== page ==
Exercise environments for hands-on practice can really help cement learning! However, if virtual environments are out of your comfort zone, you can outsource their creation fairly easily. Several companies out there manage virtual environments from end-to-end and even troubleshoot with learners and assist on your behalf.
5. Don’t Mistake a Webinar for a Classroom
If you want your VILT to work, you’ll have to limit the number of people in your online classroom. I’ve seen several companies trip on this one, but honestly – you can’t run a class with 50 people and expect it to be successful. I usually limit enrollment to around a dozen attendees so I can provide personal attention and interaction and so it acts as a true classroom, not a webinar.
That doesn’t mean that all learning has to take place in the online classroom, though. For example, you can spend an hour online going through a concept and showing the learners, then have them practice it outside of class on their own time. When you come back together for the next session, you can then pick someone to share and review the exercise answers – a great way to get people comfortable interacting and asking questions.
Keeping Your Learners Engaged with Virtual Instructor-led Training
Now let’s switch focus and move from planning to teaching. Here, your main priority is keeping your learners engaged.
1. Set up Your Classroom Rules
While online learning isn’t as new as it used to be (thanks Zoom Boom!), a lot of people still haven’t taken VILTs. Assume, then, that at least one of your learners is new, and start by laying out your course’s ground rules (stay on mute when not speaking, where the course downloads can be found, how to ask questions, when you’ll have breaks, etc.)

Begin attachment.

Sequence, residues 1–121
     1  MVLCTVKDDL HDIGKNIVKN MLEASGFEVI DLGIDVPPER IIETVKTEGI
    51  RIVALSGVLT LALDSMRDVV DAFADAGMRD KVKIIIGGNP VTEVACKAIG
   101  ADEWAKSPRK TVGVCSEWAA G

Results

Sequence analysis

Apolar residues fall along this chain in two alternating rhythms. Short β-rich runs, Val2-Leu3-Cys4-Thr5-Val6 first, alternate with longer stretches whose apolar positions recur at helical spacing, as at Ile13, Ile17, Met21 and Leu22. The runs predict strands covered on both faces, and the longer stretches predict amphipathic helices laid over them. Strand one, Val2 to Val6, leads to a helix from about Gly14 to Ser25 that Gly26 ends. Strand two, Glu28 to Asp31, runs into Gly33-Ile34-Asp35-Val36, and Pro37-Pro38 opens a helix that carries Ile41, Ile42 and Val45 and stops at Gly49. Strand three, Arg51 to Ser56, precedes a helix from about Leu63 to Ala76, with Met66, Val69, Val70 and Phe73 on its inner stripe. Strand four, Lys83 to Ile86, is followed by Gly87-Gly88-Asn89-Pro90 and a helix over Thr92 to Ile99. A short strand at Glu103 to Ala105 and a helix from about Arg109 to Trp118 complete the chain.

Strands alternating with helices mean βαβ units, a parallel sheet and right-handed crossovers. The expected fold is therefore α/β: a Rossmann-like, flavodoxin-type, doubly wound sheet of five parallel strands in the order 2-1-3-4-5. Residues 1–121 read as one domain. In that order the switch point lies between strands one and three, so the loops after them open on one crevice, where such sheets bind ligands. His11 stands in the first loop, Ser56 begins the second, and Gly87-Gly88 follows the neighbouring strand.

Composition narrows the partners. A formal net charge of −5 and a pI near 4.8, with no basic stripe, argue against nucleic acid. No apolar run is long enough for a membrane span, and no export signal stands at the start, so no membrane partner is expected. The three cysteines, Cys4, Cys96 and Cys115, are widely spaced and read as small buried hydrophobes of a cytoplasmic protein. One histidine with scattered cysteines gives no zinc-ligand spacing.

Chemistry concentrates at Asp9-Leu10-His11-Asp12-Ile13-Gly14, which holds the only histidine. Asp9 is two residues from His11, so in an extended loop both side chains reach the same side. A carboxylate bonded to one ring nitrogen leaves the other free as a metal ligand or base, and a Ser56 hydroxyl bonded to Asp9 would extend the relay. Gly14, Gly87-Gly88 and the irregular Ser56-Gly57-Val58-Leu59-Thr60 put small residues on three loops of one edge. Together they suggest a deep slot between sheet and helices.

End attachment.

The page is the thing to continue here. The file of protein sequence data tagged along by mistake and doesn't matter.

I also highly recommend that you don’t require attendees to be on video, though you should make that a rule for yourself if you can. More video = more lag and more potential movement to distract other learners.
2. Get Learners Involved However You Can
I had an online learning session once where the only interactive feature available was the raise hand function. I told learners that if they had a question, they should make sure to raise their hand, but also – if they liked something I was saying, they should raise their hand up and down really fast, to represent applause! I made sure to recognize applause every time it showed up, and that got learners involved in what was going on. You want to provide similar opportunities for engagement using whatever tools you have, whether that’s polls or chat or something else entirely.
Keep in mind, too, that online learners need a little more time to begin an interaction than they would in a physical classroom. I would say, wait 7 seconds – actually count them silently – to give people a chance to get off mute or to start typing something. It might feel long to you, but trust me – it doesn’t on the other side.
3. You Set the Energy Levels for the Room
Online learners really need your guidance and energy. You and your slides and screen shares are all they have to look at, and their interaction is almost entirely listening. So, whether you’re presenting slides or instructing hands-on in the environment, your voice needs to carry the energy that people need to stay engaged. Pretend that you’re in front of people even if you’re not. It’s a bit more tiring than in a face-to-face class, but it’s vital.
4. The Value of Repetition
In an online classroom, your learners are mainly learning through listening, even if you provide visual aids. That’s why it’s important to make sure to use repetition to your advantage. The golden process is the same as in a normal class: show them what they are going to learn, teach them, then remind them of what they have learned. But in the online classroom, that repetition is absolutely required to help learners focus and absorb. Making sure to verbalize the key points and repeat them will have a huge impact on recall and retention.
5. Provide a Way to Give Support
Finally, remember that, since they can’t walk up to you after a class or during a break, learners need a way to get questions to you, especially if they do work for the course outside of class time. Make sure to set a channel up from the start. If you don’t feel comfortable with email, you can use a moderated Q&A, a form, or even the chat at the start of the next session.